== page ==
The Kanto Massacre: A Story of Disinformation and Denialism
Rumors and disinformation sparked the Kanto Massacre in the wake of the Kanto Earthquake. Today, denialism continues to dishonor the victims.
By Himari Semans
The Great Kanto Earthquake of 1923 was a disaster for Japan in its own right. In the aftermath, disinformation — particularly targeting ethnic Koreans — stoked confusion, hate, and fear.
The uncounted victims
Victims of the Great Kanto Earthquake — –a total of 105,385 of them. They are who the Japanese remember.
The government designates September 1st as Disaster Prevention Day. Prime Minister Kishida Fumio takes part in central government drills and mock emergency meetings. 130 Japanese including the families of victims, Crown Prince Akishino and Crown Princess Kiko, and Deputy Governor of Tokyo Nakamura Rinji attend a memorial service at Yokoamicho Park in Sumida Ward where 38,000 people died.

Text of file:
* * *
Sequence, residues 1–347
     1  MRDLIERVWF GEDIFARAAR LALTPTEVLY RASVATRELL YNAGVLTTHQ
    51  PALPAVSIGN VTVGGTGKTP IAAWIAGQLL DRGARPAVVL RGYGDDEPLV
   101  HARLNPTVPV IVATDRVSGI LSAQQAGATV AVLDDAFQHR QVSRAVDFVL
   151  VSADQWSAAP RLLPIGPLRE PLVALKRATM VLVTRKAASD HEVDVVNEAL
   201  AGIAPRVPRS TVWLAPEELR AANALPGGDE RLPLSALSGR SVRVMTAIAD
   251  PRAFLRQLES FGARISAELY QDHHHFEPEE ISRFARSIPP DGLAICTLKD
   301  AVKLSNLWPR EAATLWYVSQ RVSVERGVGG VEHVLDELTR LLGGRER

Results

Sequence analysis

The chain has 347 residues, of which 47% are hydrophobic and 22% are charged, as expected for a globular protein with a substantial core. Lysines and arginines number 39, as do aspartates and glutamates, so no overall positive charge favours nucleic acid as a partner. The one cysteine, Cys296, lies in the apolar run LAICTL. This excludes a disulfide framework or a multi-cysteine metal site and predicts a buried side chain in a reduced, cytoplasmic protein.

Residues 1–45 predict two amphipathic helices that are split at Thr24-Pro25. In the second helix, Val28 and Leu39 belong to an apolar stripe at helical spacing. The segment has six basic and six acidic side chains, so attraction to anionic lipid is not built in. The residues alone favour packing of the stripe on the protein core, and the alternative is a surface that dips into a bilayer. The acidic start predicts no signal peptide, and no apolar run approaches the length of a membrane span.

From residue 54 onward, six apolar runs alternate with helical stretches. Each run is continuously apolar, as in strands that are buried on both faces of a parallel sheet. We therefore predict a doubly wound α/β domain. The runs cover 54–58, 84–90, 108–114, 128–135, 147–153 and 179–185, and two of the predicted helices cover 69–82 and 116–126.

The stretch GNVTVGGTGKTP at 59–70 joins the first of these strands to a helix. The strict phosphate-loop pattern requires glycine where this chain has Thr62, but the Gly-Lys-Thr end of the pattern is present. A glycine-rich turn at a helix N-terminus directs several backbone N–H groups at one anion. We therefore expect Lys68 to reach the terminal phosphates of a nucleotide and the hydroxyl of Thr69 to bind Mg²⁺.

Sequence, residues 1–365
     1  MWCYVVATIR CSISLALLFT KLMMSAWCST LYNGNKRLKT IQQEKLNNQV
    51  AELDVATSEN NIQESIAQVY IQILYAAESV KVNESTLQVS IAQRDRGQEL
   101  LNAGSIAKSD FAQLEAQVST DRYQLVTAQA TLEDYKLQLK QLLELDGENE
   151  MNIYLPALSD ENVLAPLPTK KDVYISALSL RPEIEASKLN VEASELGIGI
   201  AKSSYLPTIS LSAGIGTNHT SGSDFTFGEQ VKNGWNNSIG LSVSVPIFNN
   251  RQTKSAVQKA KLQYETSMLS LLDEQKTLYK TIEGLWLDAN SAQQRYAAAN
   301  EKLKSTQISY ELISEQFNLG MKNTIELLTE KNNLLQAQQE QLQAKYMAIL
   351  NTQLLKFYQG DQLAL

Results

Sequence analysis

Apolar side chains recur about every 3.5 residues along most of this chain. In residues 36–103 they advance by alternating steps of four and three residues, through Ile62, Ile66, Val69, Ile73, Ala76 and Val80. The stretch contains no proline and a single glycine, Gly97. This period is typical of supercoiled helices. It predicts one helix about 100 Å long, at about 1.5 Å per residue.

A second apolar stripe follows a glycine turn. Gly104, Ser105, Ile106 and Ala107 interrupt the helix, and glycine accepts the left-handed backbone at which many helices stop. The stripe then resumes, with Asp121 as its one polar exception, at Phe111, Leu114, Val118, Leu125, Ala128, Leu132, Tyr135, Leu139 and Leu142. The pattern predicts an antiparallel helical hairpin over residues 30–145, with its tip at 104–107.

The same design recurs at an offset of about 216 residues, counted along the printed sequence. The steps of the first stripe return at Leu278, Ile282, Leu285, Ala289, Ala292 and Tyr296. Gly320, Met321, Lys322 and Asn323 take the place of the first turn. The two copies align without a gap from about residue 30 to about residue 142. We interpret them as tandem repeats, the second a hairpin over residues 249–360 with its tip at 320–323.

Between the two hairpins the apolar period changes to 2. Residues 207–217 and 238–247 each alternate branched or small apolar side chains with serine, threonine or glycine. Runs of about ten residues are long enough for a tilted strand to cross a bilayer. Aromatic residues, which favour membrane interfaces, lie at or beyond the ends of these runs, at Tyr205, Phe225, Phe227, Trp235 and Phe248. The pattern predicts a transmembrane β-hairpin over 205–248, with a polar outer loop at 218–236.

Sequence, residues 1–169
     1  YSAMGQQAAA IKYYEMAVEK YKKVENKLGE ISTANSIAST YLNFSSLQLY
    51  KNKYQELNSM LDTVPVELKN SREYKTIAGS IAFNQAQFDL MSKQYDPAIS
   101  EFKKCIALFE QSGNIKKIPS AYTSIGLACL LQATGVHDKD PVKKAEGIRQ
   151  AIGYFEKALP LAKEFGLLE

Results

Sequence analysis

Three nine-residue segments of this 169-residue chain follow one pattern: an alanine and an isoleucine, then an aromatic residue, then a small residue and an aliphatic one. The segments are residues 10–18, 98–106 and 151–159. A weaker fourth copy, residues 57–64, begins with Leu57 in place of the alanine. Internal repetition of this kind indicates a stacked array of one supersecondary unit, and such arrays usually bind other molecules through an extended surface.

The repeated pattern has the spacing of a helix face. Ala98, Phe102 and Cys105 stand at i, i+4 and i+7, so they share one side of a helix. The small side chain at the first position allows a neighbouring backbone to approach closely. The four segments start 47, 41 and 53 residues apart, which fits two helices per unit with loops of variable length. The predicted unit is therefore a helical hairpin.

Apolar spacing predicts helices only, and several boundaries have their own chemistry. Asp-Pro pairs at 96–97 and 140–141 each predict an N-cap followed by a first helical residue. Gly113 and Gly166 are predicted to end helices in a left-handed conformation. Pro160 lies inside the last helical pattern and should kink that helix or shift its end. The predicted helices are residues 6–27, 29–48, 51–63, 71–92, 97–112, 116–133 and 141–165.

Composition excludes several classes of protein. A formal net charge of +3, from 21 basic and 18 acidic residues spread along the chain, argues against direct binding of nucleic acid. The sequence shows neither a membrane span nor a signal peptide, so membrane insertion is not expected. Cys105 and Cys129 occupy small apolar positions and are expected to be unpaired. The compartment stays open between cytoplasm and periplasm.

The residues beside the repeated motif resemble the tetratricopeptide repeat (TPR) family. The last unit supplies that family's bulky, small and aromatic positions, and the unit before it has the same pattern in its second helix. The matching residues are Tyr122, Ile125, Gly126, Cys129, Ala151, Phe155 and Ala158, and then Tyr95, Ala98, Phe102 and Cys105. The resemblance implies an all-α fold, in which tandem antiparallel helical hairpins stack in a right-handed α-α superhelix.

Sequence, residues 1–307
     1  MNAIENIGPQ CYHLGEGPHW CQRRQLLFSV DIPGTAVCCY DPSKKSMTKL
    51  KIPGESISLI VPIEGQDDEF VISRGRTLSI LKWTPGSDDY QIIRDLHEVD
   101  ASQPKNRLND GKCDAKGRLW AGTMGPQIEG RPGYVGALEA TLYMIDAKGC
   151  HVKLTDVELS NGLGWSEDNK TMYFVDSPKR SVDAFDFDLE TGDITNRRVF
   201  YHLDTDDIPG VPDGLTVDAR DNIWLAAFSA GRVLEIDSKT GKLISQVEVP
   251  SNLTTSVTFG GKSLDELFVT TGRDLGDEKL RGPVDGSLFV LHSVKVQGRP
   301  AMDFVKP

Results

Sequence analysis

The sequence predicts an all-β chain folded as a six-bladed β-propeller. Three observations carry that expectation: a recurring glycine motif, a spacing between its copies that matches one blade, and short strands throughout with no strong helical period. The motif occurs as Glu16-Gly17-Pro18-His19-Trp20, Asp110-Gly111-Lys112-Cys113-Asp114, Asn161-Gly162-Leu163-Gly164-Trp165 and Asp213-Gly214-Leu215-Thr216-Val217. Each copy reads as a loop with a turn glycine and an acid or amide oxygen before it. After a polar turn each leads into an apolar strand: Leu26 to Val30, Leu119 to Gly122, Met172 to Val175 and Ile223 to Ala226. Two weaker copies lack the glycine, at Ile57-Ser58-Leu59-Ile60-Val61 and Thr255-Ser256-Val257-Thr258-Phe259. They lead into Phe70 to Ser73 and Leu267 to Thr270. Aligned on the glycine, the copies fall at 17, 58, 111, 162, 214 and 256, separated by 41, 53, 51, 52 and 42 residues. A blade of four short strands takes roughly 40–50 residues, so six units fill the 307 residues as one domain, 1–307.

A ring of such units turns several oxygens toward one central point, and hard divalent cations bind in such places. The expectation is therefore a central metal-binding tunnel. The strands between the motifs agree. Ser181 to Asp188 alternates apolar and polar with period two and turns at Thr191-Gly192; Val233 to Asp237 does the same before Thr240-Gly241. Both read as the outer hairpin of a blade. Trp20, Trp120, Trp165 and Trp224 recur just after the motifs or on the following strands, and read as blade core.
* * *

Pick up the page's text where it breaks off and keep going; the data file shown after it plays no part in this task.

“As we arrive at the 100-year milestone since the Great Kanto Earthquake, each and every one of us must once again raise our awareness about preventing disaster,” said Deputy Governor Nakamura, as he read a statement by Tokyo Governor Koike Yuriko.
Victims of the massacre of Koreans in the Great Kanto Earthquake’s aftermath — — an unknown number. People can’t remember what they don’t know.
“All I can say is that we don’t know the exact number of victims,” explains Tokyo University Professor Tonomura Masaru who specializes in the history of resident Koreans in Japan. “The reason why we don’t know is because nobody looked into it at the time.”
Nobody in the Japanese government has looked into it either, according to Mastuno Hirokazu, Chief Cabinet Secretary of Japan.
Secretary Matsuno repeated what the Japanese government has been insisting on for the past century at a press conference on August 31st.
“We cannot find records that can confirm facts,” said Secretary Mastuno.